Perhaps unsurprisingly, the confusion over aesthetics as a determining factor in rights protection provided a grey area that design manufacturers could exploit. ‘For example, a Nordic designer has said he is not manufacturing something that circulates in the general market,’ Suthersanen says. ‘He argues that he is creating something of beauty and so it shouldn’t fall under the rubric of design law but should be protected as an artistic work. That’s quite a spurious argument, but maybe it is time we acknowledged designers. Why shouldn’t their work be protected in the same way as art or music?’

She asserts, however, that the new protection for life plus 70 years is too long: ‘It’s anti-competitive.’ On the other hand, manufacturers believe longer terms of protection afford greater commercial success, which in turn allows companies to support designers. ‘Our profits are not outrageous,’ wrote Tony Ash, managing director of Vitra, in a Dezeen article last year, ‘and part of that profit goes to the designer or their heirs in the form of a royalty ... Why should these designers [Ash names Jasper Morrison and Barber & Osgerby] bother working any more if their designs aren’t even going to be protected?’

   

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Fake money burned as part of a funeral ceremony

Two things are problematic with this argument. The first is the existing royalties system, which has come under fire in recent years – criticised by everyone from curator Kieran Long to designer Inga Sempé, with a campaign at the 2011 Milan Furniture Fair held to raise awareness. The second is the implication that, before the extension of copyright protection to 70 years after the designer’s death, designers were not having work protected during their lifetimes. Companies such as Voga, legally producing copies of Arco lamps or DSW chairs, rarely replicate work of living designers such as Barber & Osgerby – the rules don’t allow them to do so until 25 years after the designers have died.

Beyond the legal complications and lobbying power of the big brands, arguments against copying are often highly emotive, even manipulative. One need only look at the language used when intellectual property is under discussion: piracy, forgery, counterfeit. Such tactics also disregard important arguments for limiting the protection of intellectual property. Historically, copyright was awarded for 14 to 28 years, partly in recognition of the fact that ideas are not created in a vacuum. Inspiration is drawn from many sources, and new designs often build on the work of others – limiting the extent to which rights can be protected can address this. When corporate lobbying succeeds in extending copyright long after a designer’s death, this context is lost.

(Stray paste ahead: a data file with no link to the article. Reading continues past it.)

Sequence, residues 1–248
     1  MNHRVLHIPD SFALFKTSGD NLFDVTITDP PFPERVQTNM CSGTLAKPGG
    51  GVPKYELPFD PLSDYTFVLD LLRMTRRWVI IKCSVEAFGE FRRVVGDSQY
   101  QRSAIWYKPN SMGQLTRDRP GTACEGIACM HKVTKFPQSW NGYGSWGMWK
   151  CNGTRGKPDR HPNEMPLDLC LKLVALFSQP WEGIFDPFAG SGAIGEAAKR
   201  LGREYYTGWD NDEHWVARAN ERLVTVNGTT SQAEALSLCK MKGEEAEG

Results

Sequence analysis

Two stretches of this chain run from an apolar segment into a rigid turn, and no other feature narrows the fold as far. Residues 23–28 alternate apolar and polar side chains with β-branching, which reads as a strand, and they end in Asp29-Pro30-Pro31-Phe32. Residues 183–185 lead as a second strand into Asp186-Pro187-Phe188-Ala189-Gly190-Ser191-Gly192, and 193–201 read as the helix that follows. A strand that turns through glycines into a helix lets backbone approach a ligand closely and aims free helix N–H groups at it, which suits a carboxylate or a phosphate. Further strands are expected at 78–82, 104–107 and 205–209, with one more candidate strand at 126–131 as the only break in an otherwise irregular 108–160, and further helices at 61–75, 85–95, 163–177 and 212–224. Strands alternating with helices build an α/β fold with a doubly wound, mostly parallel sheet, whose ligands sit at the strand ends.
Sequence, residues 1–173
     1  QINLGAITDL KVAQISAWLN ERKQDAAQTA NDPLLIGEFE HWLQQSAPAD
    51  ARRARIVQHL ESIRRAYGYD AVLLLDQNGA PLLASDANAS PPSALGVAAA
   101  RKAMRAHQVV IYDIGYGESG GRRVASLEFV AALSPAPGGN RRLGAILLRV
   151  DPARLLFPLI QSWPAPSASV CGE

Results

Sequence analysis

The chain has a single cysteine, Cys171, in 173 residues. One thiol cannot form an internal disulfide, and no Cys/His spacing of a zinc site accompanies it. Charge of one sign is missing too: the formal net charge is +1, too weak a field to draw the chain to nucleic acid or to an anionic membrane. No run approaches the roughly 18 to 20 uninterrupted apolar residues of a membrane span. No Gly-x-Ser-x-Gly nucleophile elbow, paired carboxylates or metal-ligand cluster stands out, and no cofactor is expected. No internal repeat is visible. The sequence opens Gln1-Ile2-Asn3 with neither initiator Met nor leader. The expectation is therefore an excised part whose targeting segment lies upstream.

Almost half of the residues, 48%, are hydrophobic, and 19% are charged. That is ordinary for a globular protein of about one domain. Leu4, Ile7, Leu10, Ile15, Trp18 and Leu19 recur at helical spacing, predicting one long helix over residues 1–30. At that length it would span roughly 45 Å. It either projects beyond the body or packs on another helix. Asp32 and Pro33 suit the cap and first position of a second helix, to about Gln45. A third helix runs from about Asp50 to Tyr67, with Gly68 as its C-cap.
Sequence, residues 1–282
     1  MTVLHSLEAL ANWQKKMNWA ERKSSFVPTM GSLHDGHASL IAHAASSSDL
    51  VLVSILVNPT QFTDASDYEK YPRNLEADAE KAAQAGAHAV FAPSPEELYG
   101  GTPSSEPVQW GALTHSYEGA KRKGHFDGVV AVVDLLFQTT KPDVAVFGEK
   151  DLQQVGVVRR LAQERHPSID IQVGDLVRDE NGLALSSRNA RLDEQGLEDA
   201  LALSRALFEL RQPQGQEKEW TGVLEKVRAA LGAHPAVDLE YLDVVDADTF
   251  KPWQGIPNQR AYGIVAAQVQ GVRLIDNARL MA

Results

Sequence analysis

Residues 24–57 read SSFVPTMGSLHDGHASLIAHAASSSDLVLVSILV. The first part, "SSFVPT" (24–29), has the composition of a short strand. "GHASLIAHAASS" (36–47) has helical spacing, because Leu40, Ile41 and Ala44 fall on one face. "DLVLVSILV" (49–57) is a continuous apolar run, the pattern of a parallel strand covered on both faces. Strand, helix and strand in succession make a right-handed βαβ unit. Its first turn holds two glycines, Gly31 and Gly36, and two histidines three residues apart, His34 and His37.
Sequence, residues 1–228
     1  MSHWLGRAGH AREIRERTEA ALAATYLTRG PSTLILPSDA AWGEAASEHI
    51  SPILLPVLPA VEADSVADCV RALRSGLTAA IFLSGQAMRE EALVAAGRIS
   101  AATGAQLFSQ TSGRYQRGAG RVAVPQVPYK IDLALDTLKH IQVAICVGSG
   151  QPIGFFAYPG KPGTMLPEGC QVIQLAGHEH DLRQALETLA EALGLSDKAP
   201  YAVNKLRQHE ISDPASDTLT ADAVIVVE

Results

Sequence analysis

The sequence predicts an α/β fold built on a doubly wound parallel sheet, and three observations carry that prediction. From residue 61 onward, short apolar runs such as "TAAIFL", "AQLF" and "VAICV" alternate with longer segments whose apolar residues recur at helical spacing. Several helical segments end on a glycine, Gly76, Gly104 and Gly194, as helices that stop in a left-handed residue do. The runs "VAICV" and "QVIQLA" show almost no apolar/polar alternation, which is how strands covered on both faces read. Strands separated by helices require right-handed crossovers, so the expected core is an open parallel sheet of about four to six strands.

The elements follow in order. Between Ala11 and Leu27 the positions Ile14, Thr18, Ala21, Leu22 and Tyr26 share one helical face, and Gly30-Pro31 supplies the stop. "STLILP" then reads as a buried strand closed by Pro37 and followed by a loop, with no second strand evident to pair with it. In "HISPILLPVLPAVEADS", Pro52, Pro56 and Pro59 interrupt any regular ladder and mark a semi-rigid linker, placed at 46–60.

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Charles and Ray Eames sit unaided by their DCM and Lounge chairs

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The Eames DSW – probably the most copied chair in the world

This one-sided focus on the economic argument obfuscates many important cultural, social and political considerations. Take the oft-repeated critique of China as the scourge of legitimate Western businesses, blamed by everyone from Tom Dixon to the late Zaha Hadid for replicating or just plain ripping off their work. ‘China is always branded the copyist,’ says Aric Chen, design and architecture curator at Hong Kong’s M+ museum, ‘but I think we need to be a bit more nuanced about it. China is the chief culprit in copying in part because it is where most of the manufacturing is done.’